Right off the bat, we see “AM clouds” for Saturday. That puts me on alert that we may be contending with cloud cover for a morning departure. A VFR pilot needs to consider what his options might be for delaying departure, changing route, or making other arrangements. An IFR pilot needs to confirm currency and consider the impacts on route and fuel of an IFR departure. In both cases, it’s too early to panic or change plans, but we continue to monitor. The fact that it shows for Friday and Saturday, but not Sunday, also says there some ongoing changes that gives me less confidence in the forecast. Monterey shows Sunny on Saturday, improving from AM clouds earlier in the week. Again, a note of caution. The coastal cities all show a similar forecast, but inland shows much warmer – probably at worst, some high clouds and turbulence.
I also took a look at the progression of METARs at KMRY – by 900 local, the skies had already cleared, so even though it was low IFR early, it didn’t stick around long.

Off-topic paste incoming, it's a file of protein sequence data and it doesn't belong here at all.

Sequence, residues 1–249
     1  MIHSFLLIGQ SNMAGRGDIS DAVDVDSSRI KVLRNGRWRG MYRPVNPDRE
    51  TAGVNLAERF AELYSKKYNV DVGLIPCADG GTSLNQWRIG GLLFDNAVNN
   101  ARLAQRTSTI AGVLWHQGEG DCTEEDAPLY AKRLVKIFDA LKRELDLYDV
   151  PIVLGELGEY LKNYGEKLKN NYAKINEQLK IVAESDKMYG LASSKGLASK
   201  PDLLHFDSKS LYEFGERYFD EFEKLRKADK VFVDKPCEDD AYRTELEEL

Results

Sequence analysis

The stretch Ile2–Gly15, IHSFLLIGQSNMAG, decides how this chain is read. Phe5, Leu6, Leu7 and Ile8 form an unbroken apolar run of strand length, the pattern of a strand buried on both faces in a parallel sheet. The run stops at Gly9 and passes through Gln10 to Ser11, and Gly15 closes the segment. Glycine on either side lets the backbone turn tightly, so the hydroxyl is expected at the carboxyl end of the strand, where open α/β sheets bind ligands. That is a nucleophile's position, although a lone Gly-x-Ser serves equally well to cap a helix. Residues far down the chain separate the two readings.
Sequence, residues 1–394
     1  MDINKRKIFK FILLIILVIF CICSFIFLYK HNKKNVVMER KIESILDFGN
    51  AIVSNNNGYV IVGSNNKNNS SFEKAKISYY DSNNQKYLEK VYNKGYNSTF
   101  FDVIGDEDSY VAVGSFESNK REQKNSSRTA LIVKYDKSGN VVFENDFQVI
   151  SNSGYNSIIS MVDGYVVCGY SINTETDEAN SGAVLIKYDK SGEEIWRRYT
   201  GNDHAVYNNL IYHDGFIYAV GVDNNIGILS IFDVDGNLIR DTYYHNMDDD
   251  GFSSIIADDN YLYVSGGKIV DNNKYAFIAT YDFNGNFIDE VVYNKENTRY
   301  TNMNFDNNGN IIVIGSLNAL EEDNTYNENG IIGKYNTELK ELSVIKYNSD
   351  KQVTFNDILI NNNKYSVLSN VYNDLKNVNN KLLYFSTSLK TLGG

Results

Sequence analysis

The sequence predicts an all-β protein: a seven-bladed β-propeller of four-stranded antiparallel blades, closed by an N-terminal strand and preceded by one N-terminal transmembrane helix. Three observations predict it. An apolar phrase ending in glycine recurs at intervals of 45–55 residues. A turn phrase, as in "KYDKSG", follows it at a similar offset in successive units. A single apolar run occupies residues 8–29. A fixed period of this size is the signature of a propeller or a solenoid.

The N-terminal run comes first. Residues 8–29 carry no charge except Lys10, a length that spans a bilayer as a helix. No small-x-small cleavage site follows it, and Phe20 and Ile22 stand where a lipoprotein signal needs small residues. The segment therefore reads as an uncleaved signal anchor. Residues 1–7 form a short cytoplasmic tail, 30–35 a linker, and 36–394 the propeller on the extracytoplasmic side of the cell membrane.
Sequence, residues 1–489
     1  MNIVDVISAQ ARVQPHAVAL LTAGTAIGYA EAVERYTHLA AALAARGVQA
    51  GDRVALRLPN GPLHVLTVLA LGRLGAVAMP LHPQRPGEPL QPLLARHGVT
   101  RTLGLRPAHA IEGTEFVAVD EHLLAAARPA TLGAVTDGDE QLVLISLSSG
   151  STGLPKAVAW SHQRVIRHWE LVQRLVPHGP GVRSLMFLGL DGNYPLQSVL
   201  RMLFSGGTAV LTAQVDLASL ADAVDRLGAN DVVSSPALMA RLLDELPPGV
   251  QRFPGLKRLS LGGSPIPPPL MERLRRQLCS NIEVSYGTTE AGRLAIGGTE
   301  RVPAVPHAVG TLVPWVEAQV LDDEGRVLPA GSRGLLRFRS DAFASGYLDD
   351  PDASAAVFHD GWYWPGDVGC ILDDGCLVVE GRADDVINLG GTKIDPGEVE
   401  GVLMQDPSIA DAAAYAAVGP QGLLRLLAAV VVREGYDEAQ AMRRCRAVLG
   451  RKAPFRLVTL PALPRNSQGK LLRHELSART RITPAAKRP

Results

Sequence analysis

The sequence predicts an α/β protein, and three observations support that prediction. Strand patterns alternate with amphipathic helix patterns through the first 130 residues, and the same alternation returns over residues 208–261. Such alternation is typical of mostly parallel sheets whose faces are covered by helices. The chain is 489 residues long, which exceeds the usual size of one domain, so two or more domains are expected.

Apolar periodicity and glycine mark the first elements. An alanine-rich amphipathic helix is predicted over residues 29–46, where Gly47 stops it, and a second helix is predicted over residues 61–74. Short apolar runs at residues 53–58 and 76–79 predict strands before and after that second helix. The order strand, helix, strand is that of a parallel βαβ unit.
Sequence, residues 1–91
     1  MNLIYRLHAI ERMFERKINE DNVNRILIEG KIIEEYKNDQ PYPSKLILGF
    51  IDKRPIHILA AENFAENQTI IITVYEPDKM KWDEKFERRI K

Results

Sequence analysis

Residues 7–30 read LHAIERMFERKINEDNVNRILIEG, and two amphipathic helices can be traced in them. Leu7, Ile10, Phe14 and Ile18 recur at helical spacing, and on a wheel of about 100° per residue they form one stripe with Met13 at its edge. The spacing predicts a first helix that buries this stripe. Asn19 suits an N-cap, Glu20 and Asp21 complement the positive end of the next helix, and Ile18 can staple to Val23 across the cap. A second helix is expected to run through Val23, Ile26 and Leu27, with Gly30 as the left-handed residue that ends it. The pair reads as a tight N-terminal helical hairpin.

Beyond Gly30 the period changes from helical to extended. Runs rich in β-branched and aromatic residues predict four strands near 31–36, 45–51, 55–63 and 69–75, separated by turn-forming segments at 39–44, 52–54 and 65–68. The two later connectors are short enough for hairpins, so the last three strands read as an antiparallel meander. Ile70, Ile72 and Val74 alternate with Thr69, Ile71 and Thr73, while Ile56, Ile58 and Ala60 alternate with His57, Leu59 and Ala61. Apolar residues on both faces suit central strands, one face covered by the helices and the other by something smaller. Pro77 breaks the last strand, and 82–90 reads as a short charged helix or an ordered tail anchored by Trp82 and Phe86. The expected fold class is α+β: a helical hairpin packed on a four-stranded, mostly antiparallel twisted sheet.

One other useful thing to look at is winds aloft forecasts. We can get a picture 4 days out. Right now, I see some light winds forecast out of the northwest. Not enough to be a big impact yet, but I see stronger winds northwest, which is something to keep an eye on
I check TFRs each day. Presidential TFRs are usually posted a few days ahead – they can completely scrub a flight or cause major changes in timing or destination. Fire TFRs can also persist for days and be a major impact on flight. For now, we see only Disneyland (not “temporary”) and Beale Airforce base (very common and up near Sacramento)
I also do a quick check of NOTAMs for both departure and destination. I’ve had plans changed by airports being closed for major projects (new taxiways or runways). The big projects are scheduled and noticed well ahead. I see only that the AWOS at EMT is “un-serviceable” (it’s been flaky) and they are doing some asphalt work at MRY that should finish before we get there
KEMT:06/004 - SVC AWOS U/S. WIE UNTIL UFN. CREATED: 30 JUN 20:32 KMRY:06/032 -APRON TERMINAL APRON EAST TWY G WORK IN PROGRESS JOINT SEAL 1400-2359 DLY. 01 JUL 14:00 2013 UNTIL 05 JUL 23:59 2013. CREATED: 28 JUN 20:57 2013
There are a lot of things to check for a longer flight. As you get more experience, the checks go faster and you learn where to concentrate your effort. Over the next few days, I’ll add an update, showing how I continue to monitor, revise, and prepare for our planned flight.